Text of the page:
Memorandum by the Director of the Office of American Republic Affairs ( Briggs ) to the Under Secretary of State for Economic Affairs ( Clayton )

In regard to sugar legislation, in addition to the overriding question of good faith (our note of January, 1946, sent to the Cubans at Secretary Anderson’s request22), and the tremendously important economic factors involved, our relations with Cuba are of prime political importance.

Unless we fulfill our commitment to recommend an improved position for Cuba, the Cubans, who have a low boiling point in addition to much articulateness, are likely to denounce us to the hemisphere, to the detriment of our general Latin American relations.
Unless Cuba gets an equitable share of our market the present “flash flood prosperity” can rapidly be converted into economic distress which can in turn plunge the island into political chaos.
Whenever Cuba ignites, the United States invariably has to step in and put out the fire. This in the past has been an expensive business and could easily be more costly in the future.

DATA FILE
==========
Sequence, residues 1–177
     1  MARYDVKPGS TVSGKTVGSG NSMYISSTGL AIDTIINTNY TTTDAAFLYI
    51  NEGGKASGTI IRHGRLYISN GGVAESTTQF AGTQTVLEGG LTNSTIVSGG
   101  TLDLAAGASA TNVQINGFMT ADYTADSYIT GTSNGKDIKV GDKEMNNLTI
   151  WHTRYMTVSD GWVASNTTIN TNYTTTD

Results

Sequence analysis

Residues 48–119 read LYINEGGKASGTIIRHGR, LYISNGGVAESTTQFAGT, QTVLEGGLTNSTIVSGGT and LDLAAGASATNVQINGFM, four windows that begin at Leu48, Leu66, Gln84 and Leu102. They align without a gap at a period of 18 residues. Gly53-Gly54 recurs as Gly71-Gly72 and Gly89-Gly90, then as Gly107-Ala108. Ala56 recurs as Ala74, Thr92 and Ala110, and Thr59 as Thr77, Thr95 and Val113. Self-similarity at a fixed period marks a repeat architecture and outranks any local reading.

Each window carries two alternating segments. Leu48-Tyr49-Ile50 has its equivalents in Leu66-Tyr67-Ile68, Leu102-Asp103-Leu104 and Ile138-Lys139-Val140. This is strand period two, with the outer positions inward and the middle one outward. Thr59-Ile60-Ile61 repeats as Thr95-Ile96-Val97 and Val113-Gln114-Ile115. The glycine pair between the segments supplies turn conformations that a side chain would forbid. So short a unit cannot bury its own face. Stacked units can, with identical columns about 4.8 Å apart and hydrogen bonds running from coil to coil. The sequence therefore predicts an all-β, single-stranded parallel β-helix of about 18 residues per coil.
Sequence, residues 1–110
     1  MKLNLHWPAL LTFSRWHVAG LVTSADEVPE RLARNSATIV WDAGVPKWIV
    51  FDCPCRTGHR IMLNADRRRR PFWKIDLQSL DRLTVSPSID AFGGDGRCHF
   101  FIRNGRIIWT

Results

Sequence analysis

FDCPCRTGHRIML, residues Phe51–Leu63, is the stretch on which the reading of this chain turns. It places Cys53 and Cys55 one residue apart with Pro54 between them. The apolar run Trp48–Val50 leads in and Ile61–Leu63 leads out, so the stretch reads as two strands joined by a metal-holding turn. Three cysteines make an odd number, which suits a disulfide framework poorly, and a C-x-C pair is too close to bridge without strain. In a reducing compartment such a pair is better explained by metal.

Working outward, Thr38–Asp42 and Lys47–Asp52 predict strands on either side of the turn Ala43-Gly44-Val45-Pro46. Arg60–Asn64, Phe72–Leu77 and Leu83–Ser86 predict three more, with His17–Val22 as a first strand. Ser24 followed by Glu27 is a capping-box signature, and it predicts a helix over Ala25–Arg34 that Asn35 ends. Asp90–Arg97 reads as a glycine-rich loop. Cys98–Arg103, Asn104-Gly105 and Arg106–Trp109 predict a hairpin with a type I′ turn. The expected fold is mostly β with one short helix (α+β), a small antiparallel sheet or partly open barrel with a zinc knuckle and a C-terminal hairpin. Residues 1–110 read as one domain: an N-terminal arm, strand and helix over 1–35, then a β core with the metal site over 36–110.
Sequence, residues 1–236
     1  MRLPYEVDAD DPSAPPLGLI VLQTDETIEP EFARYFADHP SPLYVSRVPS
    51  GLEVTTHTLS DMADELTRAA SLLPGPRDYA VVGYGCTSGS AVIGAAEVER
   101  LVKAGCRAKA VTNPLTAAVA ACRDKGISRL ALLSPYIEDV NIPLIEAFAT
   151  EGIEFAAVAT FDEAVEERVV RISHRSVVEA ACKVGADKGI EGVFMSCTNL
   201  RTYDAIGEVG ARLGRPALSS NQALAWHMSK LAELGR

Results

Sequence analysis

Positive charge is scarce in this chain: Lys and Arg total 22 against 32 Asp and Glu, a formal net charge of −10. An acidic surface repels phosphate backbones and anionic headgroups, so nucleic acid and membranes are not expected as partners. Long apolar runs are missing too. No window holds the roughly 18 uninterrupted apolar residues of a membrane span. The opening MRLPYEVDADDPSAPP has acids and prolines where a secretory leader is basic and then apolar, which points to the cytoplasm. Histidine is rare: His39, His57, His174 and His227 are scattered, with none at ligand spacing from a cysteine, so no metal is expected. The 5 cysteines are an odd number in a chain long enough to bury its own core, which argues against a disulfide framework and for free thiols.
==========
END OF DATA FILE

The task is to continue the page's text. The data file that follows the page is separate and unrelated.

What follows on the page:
A proposal unfair to Cuba (or even one generally regarded by Cubans as unfair) would be a bonanza for the Communists, not only in Cuba where they are already very strong but elsewhere in the hemisphere. The prospect of a Communist Cuba 90 miles from our doorstep is one which I want no part in promoting.
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All of which seems to me to make it advisable that Secretary Anderson be informed in the most vigorous terms that this Department cannot approve, much less endorse, any sugar legislation which does not stand four square (1) with our commitments, and (2) with our national interests.

Ellis O. Briggs
  1. For note of January 4, 1946, to the Cuban Ambassador, see Foreign Relations, 1946, vol. xi, p. 772. Clinton P. Anderson was Secretary of Agriculture.